Abstract

Objective: to determine the prevalence of orthostatic hypotension (OH) and associations with medication use in community-dwelling older women.

Design: cross-sectional analysis using data from the British Women’s Heart and Health Study.

Setting: general practices in 23 towns in the UK.

Participants: 3,775 women aged 60–80 years from 1999 to 2001.

Main outcome measure: orthostatic hypotension—drop of ≥20 mmHg in systolic and/or a drop of ≥10 mmHg in diastolic blood pressure on standing.

Results: prevalence of OH was 28% (95% confidence interval [CI] 26.6, 29.4), which increased with age and hypertension. Regardless of treatment status or diagnosed hypertension, raised blood pressure was strongly associated with OH (P < 0.001). OH was strongly associated with number of antihypertensives taken (none vs three or more: odds ratio [OR] 2.24, 95% CI 1.47–3.40, P < 0.001); the association was slightly attenuated after allowing for age and co-morbidities (OR 1.99; 95% CI 1.30, 3.05; P = 0.003). Women with multiple co-morbidities had markedly increased odds of OH independent of age, number and type of medications taken (none vs four or more diagnoses: OR 2.28, 95% CI 1.58–3.30, P = 0.005).

Conclusion: uncontrolled hypertension, use of three or more antihypertensives and multiple co-morbidities are predictors of OH in older women. Detection or monitoring of OH in these groups may prevent women from suffering its adverse consequences.

Introduction

Compensatory mechanisms are required in order to regulate blood pressure in old age. Baroreflexes, which control heart rate and vascular resistance, decline in efficiency with ageing, resulting in a tendency for systolic blood pressure and pulse pressure to fall upon standing [1, 2]. A reduction in systolic blood pressure of at least 20 mmHg and/or diastolic blood pressure of at least 10 mmHg within 3 min of standing is defined as orthostatic hypotension (OH) [3].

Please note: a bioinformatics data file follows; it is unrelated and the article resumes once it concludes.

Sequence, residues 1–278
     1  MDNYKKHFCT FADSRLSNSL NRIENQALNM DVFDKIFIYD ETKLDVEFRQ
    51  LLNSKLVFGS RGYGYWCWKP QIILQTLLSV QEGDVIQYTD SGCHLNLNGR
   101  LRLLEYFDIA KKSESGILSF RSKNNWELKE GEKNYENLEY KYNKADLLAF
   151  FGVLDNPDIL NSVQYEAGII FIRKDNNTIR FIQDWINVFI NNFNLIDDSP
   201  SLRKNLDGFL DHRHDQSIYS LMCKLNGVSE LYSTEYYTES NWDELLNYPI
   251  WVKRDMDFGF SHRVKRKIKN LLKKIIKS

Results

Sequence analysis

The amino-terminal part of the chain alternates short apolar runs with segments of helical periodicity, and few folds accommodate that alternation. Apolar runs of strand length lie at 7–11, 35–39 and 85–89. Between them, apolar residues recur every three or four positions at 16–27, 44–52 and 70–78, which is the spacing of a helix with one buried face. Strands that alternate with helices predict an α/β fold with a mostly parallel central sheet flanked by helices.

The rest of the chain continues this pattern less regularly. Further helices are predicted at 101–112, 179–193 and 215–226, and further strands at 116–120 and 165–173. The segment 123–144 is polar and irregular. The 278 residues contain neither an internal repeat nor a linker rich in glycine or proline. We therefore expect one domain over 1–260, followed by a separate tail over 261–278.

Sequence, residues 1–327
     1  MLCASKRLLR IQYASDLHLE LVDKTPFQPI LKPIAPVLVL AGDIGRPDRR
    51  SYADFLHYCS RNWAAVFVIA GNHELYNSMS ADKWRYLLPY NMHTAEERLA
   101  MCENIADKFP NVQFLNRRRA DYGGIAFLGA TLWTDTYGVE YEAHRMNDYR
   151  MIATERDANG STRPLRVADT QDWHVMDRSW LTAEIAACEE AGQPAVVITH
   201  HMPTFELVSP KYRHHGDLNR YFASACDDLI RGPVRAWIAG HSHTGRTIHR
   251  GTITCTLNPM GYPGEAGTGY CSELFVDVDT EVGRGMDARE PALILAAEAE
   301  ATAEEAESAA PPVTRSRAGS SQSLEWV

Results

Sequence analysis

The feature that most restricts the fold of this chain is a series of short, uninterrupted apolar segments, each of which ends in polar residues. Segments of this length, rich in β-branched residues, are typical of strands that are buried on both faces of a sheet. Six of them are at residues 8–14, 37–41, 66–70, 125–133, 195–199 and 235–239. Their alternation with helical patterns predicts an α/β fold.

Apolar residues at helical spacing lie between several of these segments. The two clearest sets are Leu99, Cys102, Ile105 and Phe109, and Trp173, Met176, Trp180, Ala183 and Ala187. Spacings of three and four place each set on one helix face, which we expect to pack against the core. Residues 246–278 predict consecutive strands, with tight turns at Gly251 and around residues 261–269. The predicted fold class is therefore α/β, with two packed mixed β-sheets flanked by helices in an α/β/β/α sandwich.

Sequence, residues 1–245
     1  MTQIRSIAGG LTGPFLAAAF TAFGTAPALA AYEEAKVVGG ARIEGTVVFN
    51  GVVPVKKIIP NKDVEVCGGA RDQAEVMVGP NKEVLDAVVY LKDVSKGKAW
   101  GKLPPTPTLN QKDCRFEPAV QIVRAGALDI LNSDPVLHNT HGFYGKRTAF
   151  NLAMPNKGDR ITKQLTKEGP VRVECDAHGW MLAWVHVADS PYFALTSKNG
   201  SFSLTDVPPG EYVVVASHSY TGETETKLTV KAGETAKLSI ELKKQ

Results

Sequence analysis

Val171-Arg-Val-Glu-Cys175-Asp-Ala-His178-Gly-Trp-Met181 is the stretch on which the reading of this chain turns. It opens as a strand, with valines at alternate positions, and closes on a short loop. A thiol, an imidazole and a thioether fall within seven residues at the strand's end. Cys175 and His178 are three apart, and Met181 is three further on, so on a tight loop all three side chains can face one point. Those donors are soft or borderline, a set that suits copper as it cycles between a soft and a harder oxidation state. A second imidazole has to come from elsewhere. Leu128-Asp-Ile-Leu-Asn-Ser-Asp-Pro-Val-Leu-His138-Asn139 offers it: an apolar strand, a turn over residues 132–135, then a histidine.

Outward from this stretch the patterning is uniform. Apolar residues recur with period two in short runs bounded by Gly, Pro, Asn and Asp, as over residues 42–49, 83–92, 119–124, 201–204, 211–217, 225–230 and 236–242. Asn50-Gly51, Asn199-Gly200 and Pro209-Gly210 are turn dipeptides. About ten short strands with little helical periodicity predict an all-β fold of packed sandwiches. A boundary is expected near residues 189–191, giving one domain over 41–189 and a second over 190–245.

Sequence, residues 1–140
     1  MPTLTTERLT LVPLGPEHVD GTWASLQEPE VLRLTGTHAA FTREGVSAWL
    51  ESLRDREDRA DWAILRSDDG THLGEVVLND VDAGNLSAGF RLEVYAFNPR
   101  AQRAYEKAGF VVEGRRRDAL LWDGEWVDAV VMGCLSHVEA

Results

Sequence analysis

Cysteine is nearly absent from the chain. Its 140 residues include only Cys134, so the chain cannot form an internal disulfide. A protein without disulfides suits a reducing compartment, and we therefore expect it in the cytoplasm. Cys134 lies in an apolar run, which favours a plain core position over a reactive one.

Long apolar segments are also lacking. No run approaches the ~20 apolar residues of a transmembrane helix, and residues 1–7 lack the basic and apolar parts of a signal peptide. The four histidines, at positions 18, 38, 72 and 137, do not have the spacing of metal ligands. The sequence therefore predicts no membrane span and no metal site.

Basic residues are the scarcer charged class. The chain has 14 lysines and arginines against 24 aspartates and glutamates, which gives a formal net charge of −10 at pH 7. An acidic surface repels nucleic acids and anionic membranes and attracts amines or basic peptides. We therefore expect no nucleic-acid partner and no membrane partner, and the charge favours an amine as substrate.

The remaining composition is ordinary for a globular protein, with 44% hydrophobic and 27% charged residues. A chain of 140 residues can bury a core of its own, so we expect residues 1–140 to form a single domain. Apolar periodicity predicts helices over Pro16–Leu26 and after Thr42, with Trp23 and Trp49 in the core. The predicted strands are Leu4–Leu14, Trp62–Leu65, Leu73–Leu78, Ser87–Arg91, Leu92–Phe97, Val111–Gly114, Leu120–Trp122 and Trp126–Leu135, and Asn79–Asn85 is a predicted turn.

The reported prevalence of OH varies between 5% in community residents and 60% in people in institutions and acute-care settings [4]. OH is more prevalent in elderly people [2, 5], diabetic [6, 7] and hypertensive individuals [5–9]. An increased risk of falls [10], cerebrovascular events [6, 11] and mortality [2, 8, 12] have been reported in patients with OH.

Medications have been implicated in the development of OH, in particular anti-hypertensive agents [4, 10]. Polypharmacy refers to the prescription of more drugs than is clinically justified [13], and this occurs frequently in older adults. Presentation to the emergency department is more likely the greater the number of medications used and the older the patient [14], and a fall due to OH may be the precipitating factor. We examined the association between OH and patterns of medication use in community-dwelling older women.

Methods